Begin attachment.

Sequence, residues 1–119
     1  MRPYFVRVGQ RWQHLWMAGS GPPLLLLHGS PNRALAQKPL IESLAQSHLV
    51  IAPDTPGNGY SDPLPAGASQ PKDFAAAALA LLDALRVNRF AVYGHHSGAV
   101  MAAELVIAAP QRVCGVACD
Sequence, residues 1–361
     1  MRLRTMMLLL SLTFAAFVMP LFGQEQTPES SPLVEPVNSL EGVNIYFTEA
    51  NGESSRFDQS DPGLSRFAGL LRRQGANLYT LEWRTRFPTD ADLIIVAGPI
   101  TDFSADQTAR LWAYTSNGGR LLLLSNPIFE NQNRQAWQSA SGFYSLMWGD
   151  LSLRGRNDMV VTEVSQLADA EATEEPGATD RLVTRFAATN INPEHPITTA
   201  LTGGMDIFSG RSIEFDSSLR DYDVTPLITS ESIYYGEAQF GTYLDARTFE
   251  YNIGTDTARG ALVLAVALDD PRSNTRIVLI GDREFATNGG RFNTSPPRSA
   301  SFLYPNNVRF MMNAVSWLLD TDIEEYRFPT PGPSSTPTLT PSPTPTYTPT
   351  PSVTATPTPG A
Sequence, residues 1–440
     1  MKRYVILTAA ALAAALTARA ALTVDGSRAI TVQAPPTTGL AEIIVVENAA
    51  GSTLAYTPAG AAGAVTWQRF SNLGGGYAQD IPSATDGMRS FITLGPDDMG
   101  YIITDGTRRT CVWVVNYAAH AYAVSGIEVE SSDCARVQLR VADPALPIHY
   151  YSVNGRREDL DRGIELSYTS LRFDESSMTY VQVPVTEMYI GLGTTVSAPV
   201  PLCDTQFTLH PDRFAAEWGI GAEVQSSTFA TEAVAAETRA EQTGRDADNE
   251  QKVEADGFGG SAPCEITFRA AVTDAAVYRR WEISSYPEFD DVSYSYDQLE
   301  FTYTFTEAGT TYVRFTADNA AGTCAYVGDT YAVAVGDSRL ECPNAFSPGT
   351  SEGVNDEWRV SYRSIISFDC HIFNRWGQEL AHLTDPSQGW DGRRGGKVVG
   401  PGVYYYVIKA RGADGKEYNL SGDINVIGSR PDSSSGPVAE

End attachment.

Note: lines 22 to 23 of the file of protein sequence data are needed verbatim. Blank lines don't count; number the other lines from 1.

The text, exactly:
   351  SEGVNDEWRV SYRSIISFDC HIFNRWGQEL AHLTDPSQGW DGRRGGKVVG
   401  PGVYYYVIKA RGADGKEYNL SGDINVIGSR PDSSSGPVAE